Viking Night: Showgirls

By Bruce Hall

April 19, 2016

You can't see her!

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I owe all of you an apology. Since 2009 I have been living a lie, and I can't go on with it.

All this time, I have dutifully written a weekly column about cult movies, and not once have I written about Showgirls. This is to my eternal shame, and not just because I have deprived my readership of some easily mined comedy gold. It's because I have deprived myself of the experience. I consider myself a fan of Paul Verhoeven and his brilliant, frequently misunderstood eye for satire and social commentary. This is the man who, over the course of a decade, gave us RoboCop, Total Recall, Basic Instinct, and Starship Troopers - all widely considered cult favorites, if not outright bona fide classics.

Right in the middle of all that was Showgirls, a movie that I admit I'd never seen until now. I'd avoided watching it simply because of the way people discussed it. The word “hyperbole” supposedly dates from the 16th century, but I would argue that use of the word was perfected around 1995. It was in that year that America had a collective hissy fit over this trashy, ambitious, baffling film. Everyone has an opinion on it, and none more so than people who've never even seen it. One such individual recently warned me away from Showgirls, claiming that if Hitler were still alive, it would probably be his favorite film.

Because Showgirls sucks. A lot. Worse than anything ever, and according to this person, that is why they had never actually seen it.


That's just no way to judge something (unless you're Tipper Gore, Dan Quayle or Bob Dole), so I decided to proceed on the assumption that Showgirls was as misunderstood as most of Verhoeven's work. This means that somewhere out there was a NC-17 rated film about exotic dancers, stuffed like manicotti with reams of aggressive profanity, glittering costumes, and jiggling boobs - and I had never seen it. It was literally a gift unclaimed, and only one man in the history of cinema could have created such a thing. He is the same brave, wonderful man who stuffed Peter Weller in a suit of armor and taught him to dance.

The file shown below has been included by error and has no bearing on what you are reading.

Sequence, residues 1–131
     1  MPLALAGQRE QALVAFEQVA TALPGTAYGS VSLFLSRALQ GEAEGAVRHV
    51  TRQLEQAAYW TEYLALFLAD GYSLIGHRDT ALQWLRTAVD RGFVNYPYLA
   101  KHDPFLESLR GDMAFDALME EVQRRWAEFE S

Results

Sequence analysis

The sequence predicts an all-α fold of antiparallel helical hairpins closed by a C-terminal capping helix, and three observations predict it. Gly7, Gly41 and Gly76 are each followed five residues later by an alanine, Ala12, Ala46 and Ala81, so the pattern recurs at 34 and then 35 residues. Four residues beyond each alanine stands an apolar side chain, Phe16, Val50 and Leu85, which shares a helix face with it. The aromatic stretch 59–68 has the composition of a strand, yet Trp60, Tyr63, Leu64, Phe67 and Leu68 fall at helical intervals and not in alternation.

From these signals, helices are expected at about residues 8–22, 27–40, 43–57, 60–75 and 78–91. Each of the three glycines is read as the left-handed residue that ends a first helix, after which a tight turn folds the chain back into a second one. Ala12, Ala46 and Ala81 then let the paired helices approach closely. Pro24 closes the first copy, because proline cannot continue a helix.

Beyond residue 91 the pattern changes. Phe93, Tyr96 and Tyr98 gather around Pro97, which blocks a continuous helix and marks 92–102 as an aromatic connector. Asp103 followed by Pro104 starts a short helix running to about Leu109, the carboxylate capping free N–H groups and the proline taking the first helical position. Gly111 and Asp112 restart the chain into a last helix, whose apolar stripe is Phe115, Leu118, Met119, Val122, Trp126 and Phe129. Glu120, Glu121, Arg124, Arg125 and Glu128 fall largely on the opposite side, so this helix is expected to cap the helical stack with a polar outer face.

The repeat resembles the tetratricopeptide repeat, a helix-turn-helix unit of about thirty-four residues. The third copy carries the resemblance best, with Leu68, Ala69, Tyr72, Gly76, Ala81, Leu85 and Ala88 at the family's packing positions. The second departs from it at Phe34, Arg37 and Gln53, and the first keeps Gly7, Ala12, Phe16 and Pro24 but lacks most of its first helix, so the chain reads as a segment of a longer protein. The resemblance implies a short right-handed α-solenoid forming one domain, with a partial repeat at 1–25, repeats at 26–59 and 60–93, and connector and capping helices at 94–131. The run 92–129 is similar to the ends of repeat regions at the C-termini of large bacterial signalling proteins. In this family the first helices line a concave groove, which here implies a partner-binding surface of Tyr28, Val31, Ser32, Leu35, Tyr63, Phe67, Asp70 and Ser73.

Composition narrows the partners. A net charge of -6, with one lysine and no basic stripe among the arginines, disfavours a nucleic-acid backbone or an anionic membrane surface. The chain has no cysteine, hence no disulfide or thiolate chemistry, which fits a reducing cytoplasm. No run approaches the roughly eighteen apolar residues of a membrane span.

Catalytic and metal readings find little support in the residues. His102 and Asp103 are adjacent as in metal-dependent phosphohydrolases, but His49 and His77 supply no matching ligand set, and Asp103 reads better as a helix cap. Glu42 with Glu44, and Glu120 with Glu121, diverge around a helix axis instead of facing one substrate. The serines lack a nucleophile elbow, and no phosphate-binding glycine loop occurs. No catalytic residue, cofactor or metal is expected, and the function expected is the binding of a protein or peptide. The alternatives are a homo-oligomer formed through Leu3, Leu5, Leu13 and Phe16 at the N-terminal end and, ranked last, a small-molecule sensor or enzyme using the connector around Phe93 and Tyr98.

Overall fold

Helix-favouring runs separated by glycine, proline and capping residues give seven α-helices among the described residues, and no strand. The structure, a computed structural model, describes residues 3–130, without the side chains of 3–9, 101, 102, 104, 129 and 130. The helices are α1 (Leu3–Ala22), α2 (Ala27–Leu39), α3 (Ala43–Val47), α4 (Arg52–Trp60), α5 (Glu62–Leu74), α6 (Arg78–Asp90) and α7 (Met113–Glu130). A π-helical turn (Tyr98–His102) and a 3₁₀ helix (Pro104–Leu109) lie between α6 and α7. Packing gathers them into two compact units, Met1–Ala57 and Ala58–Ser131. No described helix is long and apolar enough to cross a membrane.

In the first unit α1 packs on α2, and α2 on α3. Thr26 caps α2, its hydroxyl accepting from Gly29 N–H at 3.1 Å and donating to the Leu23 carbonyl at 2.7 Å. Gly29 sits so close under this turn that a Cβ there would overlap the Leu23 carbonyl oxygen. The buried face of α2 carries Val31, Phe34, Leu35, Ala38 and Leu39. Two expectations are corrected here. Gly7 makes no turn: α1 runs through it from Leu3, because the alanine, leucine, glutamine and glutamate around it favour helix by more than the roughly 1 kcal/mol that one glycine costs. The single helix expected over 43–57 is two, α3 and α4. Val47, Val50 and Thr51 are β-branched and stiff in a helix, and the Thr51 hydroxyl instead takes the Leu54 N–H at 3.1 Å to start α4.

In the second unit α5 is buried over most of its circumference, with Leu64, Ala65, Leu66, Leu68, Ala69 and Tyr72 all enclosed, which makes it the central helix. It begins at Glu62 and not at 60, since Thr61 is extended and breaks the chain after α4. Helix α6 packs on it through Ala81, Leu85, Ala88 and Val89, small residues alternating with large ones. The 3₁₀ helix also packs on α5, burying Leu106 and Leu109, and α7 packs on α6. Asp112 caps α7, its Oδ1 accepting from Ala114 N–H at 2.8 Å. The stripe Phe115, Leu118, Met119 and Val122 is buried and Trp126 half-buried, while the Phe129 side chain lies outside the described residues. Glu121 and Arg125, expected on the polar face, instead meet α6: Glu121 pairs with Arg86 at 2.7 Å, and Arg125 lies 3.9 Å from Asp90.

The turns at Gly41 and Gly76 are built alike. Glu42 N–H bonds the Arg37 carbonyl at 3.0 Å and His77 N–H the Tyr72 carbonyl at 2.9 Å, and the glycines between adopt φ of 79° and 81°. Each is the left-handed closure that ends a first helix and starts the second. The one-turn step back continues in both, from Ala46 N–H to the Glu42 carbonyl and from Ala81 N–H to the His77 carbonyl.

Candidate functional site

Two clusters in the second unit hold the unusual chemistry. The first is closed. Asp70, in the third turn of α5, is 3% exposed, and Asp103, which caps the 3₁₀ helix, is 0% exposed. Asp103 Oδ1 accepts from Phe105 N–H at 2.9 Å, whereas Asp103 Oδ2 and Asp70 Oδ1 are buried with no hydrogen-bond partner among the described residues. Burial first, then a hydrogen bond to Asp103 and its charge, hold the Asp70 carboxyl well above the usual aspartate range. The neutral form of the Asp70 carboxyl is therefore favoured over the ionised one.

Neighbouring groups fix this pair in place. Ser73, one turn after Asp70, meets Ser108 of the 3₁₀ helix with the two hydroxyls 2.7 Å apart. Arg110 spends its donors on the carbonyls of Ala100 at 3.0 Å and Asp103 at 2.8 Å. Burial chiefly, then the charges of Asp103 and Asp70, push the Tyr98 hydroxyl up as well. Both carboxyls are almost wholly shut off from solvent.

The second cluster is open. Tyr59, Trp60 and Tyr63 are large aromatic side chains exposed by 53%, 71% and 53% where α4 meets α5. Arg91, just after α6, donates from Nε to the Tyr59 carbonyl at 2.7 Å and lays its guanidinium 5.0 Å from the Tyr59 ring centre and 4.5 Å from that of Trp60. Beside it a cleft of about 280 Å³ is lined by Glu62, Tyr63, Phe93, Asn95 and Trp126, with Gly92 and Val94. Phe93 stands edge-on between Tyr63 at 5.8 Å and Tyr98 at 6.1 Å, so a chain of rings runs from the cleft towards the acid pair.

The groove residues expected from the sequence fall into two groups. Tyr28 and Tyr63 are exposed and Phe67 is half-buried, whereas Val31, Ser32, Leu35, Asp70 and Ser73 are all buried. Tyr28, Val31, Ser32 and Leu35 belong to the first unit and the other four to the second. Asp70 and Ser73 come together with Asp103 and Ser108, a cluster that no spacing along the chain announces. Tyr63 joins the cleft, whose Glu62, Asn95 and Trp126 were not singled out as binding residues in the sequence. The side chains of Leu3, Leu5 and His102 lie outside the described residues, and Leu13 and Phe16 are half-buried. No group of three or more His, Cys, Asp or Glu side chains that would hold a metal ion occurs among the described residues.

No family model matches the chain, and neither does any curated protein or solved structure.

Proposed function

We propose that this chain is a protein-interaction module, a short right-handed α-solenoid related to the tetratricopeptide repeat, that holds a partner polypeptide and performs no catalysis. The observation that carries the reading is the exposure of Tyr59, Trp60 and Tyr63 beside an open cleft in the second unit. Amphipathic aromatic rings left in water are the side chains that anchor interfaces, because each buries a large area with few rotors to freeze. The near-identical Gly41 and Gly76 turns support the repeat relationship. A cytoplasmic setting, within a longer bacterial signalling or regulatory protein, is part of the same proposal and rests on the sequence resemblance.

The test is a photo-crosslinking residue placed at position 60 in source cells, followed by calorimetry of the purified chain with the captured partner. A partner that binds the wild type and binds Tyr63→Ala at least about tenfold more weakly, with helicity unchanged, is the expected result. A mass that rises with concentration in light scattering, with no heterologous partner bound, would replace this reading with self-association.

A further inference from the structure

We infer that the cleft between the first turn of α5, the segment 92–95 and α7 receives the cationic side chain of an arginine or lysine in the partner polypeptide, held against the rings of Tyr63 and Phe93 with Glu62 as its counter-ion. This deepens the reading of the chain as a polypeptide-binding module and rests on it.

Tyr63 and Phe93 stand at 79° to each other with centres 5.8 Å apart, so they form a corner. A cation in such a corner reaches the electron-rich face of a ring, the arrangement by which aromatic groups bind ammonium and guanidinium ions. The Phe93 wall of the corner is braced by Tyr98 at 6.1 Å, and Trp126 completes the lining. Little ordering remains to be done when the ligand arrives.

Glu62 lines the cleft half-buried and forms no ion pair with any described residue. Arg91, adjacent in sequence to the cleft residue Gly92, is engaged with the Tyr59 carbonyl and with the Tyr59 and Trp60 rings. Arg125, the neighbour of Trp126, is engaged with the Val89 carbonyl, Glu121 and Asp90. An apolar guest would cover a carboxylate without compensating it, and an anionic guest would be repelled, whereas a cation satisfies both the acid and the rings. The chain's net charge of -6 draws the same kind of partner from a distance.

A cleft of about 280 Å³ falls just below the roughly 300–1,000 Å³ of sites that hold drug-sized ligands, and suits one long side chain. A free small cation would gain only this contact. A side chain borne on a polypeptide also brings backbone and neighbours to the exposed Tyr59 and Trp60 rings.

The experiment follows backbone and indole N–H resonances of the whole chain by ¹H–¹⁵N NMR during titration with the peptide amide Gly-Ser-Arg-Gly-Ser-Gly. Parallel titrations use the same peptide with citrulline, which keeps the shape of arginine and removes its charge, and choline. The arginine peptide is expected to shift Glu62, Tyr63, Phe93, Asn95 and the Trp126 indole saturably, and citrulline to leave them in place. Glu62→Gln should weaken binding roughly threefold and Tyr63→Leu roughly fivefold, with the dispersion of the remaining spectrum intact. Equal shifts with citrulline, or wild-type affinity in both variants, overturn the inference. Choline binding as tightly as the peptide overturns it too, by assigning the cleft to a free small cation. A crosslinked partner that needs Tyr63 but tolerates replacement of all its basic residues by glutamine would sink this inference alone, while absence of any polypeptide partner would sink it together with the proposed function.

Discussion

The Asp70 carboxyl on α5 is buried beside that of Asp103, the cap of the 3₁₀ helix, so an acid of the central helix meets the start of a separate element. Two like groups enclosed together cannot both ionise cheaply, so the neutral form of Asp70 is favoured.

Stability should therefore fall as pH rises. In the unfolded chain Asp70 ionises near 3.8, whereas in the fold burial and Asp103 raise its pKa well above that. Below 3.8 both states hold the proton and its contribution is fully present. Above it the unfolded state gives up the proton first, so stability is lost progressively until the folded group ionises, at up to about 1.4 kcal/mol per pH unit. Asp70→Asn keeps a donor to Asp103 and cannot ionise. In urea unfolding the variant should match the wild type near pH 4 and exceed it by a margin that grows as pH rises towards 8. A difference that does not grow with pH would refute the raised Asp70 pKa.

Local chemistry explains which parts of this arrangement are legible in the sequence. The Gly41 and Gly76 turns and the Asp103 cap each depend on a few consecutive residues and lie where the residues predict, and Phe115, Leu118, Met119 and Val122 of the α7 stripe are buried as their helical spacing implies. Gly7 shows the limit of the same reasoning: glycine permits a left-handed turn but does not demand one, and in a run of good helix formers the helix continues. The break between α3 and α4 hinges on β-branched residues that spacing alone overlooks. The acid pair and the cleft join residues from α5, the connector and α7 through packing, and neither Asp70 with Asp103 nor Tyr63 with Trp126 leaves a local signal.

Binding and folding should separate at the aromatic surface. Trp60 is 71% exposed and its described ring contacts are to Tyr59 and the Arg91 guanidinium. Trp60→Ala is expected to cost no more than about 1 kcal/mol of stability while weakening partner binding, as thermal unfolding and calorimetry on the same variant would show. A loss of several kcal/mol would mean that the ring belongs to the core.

Yes. I have been a fool. But no more, for I have finally seen Showgirls, and I can confidently report that Paul Verhoeven is a Golden God. I love this movie so very, very much. Yes, it's a satire, and yes, it's deeply flawed. But there's no way you can't have fun with it, if you're willing to allow it. I had some burning questions as I sat down to experience it: Was it really that bad? Would Hitler really like it?

I believe I have your answers. Let us begin.

First of all, the first five minutes of this film are the last five minutes that are not completely bananas. Nomi Malone (Elizabeth Berkley) is a tall, pretty blonde trying to hitch a ride to Las Vegas, so of course she scores a ride in 11 seconds. The first sign of trouble comes when Nomi pulls a stiletto blade on the driver as he tries to make casual conversation. Berkley's jerky, exaggerated movements make it look like she's having some sort of stroke. Later, the driver tricks Nomi out of her belongings, leaving her stranded. She then throws what can only be called a “vomit spraying tantrum” on the sidewalk, before a stranger offers to help. It's hard to find the words to describe how strange this scene is. Just know that I am imagining William Shatner watching it alone in his living room, rising to his feet and performing a reverent slow clap as a single tear rolls down his cheek.

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